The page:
Already in place were traditional long-term plans where each unit of work was outlined in a column on a table. It was felt that although this format is useful for outlining detail such as assessment points and careers opportunities it was not a useful document for displaying how the Key Stage 3 curriculum fits into and links together with the wider geography curriculum. Therefore, as a department we began researching geography curriculum maps and curriculum journeys to try and find a more suitable holistic presentation method. As part of this research stage, several members of the department also read ‘Powerful Geography – A curriculum with purpose in practice’ Mark Enser 2021.
Eventually it was decided that a curriculum journey map was too linear to reflect the complex interrelationships that exist between geography knowledge, concepts and understanding. Therefore, it was decided that any curriculum model ought to be circular to display the dynamism and intertwined nature of geography as a subject. This new approach to displaying the curriculum was partly inspired by Enser’s idea of the tapestry model, which portrays geography as a unified whole rather silos of discreet knowledge (Enser, 2021). The new model was developed, as shown below, and named the ‘Ripple Curriculum.’ The fundamental idea behind the ripple is that a Year 7 student starts in the middle with a solid selection of geographical topics, and these disseminate throughout the secondary geographical experience. This is similar to a ripple in a lake that starts with a well formed and structured centre and then dissipates in many directions at different speeds and strengths. This concept is reflected and explained further in the annotations below.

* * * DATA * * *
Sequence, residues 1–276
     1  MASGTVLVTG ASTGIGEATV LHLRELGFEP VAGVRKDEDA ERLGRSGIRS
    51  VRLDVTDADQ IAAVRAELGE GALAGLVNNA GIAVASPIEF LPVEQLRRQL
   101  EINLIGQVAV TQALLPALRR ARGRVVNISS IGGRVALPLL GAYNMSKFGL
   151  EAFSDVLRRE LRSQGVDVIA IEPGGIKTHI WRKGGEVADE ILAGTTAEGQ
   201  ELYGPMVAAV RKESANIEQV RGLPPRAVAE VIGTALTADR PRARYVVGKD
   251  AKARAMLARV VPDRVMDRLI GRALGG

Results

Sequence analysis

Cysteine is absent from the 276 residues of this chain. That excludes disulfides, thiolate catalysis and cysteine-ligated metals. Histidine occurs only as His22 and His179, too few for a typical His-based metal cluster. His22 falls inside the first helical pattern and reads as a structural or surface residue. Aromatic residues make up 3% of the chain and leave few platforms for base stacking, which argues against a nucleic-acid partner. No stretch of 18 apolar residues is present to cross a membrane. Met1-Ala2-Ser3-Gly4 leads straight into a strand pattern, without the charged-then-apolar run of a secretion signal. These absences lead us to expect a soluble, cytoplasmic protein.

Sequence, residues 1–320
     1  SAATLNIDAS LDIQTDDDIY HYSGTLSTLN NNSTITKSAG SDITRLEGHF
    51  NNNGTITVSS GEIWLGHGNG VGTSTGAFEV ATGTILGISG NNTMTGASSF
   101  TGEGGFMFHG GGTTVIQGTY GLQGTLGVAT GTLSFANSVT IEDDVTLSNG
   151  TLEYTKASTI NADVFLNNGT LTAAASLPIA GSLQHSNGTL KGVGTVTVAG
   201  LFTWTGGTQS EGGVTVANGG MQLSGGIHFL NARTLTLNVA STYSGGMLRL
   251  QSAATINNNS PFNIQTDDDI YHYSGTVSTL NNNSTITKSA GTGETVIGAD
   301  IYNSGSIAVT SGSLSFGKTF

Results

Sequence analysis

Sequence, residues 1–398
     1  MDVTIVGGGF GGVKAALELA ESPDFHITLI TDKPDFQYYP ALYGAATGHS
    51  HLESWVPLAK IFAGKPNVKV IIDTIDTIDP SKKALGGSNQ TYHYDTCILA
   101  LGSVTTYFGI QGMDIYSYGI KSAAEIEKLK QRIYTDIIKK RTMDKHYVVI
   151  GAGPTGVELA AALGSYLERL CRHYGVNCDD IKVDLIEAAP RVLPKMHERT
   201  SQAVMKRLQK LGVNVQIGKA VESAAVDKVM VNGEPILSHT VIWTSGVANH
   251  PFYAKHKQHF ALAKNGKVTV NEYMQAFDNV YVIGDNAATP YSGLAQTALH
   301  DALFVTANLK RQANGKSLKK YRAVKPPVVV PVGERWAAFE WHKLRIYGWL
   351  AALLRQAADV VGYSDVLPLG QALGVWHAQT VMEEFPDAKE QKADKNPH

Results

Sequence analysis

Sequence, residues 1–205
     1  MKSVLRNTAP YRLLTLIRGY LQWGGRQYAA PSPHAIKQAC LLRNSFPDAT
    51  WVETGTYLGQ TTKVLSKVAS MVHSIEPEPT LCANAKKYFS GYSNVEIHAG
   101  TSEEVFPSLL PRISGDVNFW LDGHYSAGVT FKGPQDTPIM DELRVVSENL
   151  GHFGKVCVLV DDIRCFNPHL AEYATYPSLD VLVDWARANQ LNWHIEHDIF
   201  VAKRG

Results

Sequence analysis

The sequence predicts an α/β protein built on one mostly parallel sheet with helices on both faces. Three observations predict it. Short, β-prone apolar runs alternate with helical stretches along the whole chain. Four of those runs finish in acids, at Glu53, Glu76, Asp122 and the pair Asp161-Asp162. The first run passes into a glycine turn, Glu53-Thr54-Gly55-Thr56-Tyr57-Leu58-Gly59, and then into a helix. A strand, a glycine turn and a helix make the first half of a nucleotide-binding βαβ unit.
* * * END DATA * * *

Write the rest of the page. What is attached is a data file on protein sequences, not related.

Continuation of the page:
At first glance the strengths of the ripple model could go unnoticed. However, the power of the model lies not only in how it displays the curriculum goals in a visual way but how it shifts the focus away from disparate silos of knowledge to a web of interconnected flows of knowledge. This was evident when the model was used in a department meeting to map links and connections between units and key stages. The below diagram shows the result of this discussion laid over an earlier prototype of the ripple curriculum.
Finally, we paired the curriculum model with our department 3i’s document (Intent, Implementation and Impacts) to provide a comprehensive summary of the geography curriculum. Please see attached for an example of the Ripple Curriculum model and a summary of the 3i’s.
As a department we would like to explore the potential of infographics to better convey the ripple effect of our curriculum. Furthermore, we would love to hear from other educationalists who feel this is a way you would like to display your curriculum and is an area of curriculum innovation you are thinking about.
David Tomala and Joe Bateman
The Geography Department – Bulmershe School, Reading